Arthropod cuticle: A natural composite shell system


Vincent, J. F. V., 2002. Arthropod cuticle: A natural composite shell system. Composites Part A Applied Science and Manufacturing, 33 (10), pp. 1311-1315.

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The cuticle of arthropods (jointed-limb animals), and especially of insects is, by biological standards, a relatively simple composite. It is a single external layer of material forming the skeleton and many sense organs. The fibrous phase is crystalline chitin making nanofibrils of about 3 nm diameter, a few hundreds of nanometers long and a modulus probably in excess of 150 GPa. At least two surfaces of the nanofibril can have silk-like protein attached through specific H-bonds; the rest of the protein is globular. The protein matrix stiffens through dehydration controlled by the introduction of hydrophobic phenolics. Crustacea add up to 40% calcium salts. The stiffness of cuticle can range from tens of GPa to 1 kPa. It can be hardened by the addition of Zn or Mn. It can form springs and change its stiffness and plasticity under the control of the animal. © 2002 Elsevier Science Ltd. All rights reserved.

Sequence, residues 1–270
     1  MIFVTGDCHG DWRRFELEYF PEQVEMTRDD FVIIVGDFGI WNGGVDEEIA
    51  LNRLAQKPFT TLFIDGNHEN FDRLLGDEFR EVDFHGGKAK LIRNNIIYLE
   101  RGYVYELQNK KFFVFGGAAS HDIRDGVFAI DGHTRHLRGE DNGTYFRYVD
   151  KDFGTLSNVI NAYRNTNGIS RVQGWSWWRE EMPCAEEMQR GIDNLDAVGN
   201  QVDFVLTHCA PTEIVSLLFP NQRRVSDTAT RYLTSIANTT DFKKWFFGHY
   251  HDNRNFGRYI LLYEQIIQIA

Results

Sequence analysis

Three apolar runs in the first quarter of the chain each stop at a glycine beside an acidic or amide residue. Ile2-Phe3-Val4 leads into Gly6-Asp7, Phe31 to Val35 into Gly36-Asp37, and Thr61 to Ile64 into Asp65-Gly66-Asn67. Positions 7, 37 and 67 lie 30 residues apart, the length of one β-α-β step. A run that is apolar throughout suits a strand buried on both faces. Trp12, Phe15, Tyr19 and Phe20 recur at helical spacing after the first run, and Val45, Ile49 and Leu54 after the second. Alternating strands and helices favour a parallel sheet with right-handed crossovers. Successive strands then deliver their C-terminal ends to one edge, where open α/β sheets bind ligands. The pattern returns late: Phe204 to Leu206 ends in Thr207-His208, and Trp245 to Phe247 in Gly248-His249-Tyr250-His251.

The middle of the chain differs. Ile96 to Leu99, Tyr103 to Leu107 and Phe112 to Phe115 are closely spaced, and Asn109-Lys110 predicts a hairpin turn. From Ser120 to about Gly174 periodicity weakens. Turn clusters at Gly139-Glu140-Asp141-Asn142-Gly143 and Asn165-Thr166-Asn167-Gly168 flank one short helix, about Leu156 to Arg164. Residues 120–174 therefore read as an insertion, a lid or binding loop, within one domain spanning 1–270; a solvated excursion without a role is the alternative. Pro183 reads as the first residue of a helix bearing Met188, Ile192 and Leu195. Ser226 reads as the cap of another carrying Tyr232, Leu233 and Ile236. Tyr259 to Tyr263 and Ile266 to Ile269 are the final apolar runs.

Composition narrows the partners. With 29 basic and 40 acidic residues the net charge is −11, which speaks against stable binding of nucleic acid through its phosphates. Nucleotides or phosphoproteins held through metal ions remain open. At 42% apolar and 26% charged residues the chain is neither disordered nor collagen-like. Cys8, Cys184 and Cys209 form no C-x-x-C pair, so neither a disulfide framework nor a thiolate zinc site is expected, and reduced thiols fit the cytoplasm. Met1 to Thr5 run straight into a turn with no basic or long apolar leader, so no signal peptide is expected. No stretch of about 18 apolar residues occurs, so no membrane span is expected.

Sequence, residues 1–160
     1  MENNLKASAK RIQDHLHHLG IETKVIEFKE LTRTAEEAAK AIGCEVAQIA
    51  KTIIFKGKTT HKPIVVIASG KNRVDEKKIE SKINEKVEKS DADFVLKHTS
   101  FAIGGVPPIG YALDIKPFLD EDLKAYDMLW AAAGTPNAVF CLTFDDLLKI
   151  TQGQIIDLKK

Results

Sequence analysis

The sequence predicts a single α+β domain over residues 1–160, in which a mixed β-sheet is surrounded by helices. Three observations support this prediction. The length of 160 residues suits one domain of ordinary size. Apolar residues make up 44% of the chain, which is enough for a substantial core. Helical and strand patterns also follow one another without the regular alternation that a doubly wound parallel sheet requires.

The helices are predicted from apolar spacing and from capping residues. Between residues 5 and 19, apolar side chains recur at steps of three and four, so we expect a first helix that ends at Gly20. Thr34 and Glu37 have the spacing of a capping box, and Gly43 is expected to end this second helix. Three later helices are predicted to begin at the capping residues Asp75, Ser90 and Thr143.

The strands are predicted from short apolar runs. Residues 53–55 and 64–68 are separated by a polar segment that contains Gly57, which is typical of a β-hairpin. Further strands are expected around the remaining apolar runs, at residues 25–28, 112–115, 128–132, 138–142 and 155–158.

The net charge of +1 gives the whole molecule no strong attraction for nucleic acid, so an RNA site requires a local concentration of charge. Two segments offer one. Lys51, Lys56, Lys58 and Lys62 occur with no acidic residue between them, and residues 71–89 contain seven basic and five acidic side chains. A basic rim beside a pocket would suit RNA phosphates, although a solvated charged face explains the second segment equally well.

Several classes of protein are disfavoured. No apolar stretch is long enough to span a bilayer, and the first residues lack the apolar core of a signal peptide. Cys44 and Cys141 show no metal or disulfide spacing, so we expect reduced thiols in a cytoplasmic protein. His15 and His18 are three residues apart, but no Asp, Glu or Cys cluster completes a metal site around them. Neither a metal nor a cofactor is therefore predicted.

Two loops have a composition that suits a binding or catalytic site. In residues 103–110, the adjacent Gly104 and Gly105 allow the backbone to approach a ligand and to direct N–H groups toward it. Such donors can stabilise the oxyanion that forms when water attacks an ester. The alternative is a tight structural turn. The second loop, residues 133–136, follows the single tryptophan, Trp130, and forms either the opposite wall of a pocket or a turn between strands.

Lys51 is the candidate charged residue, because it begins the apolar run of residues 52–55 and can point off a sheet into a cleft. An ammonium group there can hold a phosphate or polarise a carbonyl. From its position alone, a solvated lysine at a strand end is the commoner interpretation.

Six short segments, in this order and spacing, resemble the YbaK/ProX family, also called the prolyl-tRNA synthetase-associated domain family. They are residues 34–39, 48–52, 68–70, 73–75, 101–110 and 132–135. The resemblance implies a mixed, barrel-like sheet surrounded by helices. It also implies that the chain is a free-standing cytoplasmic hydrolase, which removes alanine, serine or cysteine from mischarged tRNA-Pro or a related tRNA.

Item Type Articles
CreatorsVincent, J. F. V.
Uncontrolled Keywordscomposite materials, crystalline materials, chitin, proteins, hydrophobicity, hardness, stiffness, biological organs, plasticity, hydrogen bonds, dehydration
DepartmentsFaculty of Engineering & Design > Mechanical Engineering
ID Code2586


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